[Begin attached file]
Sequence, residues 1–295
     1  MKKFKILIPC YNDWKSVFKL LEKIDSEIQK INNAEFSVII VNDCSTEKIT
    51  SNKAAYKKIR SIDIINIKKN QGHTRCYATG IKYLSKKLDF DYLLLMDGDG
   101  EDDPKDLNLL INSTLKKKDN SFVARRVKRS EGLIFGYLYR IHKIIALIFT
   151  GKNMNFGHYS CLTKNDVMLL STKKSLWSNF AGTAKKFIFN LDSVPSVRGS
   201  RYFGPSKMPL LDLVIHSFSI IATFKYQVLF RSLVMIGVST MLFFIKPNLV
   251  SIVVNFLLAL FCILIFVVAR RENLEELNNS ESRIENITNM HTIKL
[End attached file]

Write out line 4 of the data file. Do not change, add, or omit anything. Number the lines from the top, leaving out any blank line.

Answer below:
   101  EDDPKDLNLL INSTLKKKDN SFVARRVKRS EGLIFGYLYR IHKIIALIFT